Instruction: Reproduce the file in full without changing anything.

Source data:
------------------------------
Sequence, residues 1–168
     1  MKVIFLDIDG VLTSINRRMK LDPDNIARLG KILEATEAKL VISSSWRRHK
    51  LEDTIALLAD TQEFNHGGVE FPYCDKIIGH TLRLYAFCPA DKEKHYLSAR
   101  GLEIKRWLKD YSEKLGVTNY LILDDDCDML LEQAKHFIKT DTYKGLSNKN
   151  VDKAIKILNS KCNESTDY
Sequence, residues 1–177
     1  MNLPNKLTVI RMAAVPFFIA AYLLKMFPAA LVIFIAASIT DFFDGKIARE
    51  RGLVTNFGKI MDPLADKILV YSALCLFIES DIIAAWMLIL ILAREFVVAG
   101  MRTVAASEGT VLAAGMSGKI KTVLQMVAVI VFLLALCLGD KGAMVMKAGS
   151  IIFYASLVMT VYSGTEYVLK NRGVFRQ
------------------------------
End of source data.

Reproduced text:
Sequence, residues 1–168
     1  MKVIFLDIDG VLTSINRRMK LDPDNIARLG KILEATEAKL VISSSWRRHK
    51  LEDTIALLAD TQEFNHGGVE FPYCDKIIGH TLRLYAFCPA DKEKHYLSAR
   101  GLEIKRWLKD YSEKLGVTNY LILDDDCDML LEQAKHFIKT DTYKGLSNKN
   151  VDKAIKILNS KCNESTDY
Sequence, residues 1–177
     1  MNLPNKLTVI RMAAVPFFIA AYLLKMFPAA LVIFIAASIT DFFDGKIARE
    51  RGLVTNFGKI MDPLADKILV YSALCLFIES DIIAAWMLIL ILAREFVVAG
   101  MRTVAASEGT VLAAGMSGKI KTVLQMVAVI VFLLALCLGD KGAMVMKAGS
   151  IIFYASLVMT VYSGTEYVLK NRGVFRQ